KALAELOA (KHNL) - The largest animal rescue in Hawaii's history took place two months ago, but many of the animals still need to be saved.
Some animals have been adopted, but even more need homes. The Oahu Society for the Prevention of Cruelty to Animals celebrated their two month anniversary of saving animal's lives with a special open house.
Around a hundred people showed up to the temporary emergency shelter in Kalaeloa. Many left with a new furry friend.
More than 400 birds, cats and dogs were abandoned when the owner of a no-kill shelter in Nanakuli died. it left her widow alone and overwhelmed. but within 48 hours, help arrived via the Humane Society of the United States and the Oahu SPCA.
After all those animals were brought in two months ago, this temporary shelter in Kalaeloa still cares for about 40 dogs and 80 cats, with another 50 animals placed in foster care.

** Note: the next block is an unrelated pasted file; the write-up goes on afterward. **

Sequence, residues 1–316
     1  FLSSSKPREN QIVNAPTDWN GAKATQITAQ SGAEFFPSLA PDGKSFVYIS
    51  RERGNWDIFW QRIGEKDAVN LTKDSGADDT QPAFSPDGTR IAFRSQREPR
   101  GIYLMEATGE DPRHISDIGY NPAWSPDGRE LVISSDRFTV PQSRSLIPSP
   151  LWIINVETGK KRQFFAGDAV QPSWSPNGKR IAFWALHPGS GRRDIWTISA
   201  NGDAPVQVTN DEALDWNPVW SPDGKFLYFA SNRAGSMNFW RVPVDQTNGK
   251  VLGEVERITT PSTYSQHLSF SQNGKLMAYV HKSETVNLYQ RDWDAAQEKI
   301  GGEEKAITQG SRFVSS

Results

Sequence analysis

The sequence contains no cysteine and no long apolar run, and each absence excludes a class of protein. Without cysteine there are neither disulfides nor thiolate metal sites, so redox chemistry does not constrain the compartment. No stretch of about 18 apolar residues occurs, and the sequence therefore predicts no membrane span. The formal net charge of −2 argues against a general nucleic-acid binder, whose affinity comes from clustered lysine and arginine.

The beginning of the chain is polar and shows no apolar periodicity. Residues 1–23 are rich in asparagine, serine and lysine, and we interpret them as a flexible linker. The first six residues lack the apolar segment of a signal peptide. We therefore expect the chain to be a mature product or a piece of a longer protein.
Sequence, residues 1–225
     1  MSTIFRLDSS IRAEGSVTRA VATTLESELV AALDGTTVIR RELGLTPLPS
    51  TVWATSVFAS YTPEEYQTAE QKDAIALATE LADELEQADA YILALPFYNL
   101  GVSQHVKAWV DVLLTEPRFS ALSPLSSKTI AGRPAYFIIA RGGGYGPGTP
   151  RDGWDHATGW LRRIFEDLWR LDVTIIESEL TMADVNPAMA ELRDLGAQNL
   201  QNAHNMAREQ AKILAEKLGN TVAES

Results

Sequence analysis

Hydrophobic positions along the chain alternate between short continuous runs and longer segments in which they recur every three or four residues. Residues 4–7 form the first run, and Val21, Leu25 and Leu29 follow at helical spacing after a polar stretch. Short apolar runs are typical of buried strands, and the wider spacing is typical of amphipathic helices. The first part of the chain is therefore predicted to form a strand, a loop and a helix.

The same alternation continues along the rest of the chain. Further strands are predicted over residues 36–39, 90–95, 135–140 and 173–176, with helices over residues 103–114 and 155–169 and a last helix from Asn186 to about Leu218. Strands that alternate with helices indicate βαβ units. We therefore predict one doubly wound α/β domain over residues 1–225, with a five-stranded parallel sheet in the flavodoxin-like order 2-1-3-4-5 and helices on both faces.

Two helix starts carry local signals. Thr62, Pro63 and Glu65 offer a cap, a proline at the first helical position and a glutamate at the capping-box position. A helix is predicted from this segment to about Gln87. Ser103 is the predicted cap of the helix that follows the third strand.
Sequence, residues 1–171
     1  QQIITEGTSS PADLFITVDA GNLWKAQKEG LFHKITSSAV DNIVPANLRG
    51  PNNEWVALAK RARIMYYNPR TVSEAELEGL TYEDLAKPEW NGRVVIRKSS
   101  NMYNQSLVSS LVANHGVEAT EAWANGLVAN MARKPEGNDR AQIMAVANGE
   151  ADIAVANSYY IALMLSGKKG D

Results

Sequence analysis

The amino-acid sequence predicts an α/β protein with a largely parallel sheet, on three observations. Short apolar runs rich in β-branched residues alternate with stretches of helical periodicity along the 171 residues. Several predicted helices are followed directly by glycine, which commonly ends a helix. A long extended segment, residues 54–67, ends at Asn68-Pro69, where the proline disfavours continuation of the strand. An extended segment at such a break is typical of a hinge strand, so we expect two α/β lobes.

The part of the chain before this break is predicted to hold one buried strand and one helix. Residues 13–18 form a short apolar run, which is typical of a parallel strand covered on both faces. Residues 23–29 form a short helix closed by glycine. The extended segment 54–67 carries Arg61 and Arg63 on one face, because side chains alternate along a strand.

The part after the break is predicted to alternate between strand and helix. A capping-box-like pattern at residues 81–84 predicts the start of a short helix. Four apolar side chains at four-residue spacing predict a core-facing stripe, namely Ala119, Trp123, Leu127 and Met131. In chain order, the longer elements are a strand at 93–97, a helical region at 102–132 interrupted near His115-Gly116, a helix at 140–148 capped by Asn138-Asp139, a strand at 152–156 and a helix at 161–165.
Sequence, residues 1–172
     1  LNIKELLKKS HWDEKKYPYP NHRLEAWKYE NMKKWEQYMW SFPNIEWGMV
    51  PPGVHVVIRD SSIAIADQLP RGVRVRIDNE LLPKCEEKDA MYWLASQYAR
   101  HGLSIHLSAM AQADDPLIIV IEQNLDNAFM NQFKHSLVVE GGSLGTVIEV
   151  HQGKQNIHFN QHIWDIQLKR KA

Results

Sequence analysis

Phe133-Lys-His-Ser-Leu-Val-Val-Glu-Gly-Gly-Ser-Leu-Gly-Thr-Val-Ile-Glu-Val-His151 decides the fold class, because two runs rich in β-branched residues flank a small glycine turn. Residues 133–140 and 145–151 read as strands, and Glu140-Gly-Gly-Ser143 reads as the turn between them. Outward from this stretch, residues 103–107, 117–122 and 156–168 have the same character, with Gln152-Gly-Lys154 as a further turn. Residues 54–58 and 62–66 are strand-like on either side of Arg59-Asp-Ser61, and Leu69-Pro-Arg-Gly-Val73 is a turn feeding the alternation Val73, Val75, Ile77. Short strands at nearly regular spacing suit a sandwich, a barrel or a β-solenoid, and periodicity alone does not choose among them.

"We want to make sure that we're putting them into a solid foundation, a home that's going to provide them a lifetime home," Oahu SPCA operations manager Jody Bade-DeViney said.
For the Banis family, Saturday was supposed to be a happy day. A day they'd be reunited with the dog they gave away years ago. It eventually ended up in this Nanakuli no-kill shelter and then here in Kalaeloa after the rescue.
"He was our child, he was our fourth son," Kapolei resident Patty Banis said.
But that fourth son passed away before they could even say goodbye.
"He had cancer and all these ladies here who are donating all their time and effort to help these animals, they were with him, he had to be euthanized, 'cuz it was too late already," Banis said.
But not too late to start all over. They look at Missy on Saturday. Ironically, she's the girlfriend of their first dog.
"I don't want to make the same mistake, so I don't want to bring her home and then I can't do it," Banis said.
The Banis' hope to take her home someday, after she gets rehabilitated.
"We're here to try and help educate the public that they can train their animals, that they can rehabilitate them, so those animals can be apart of their life forever," Bade-DeViney said.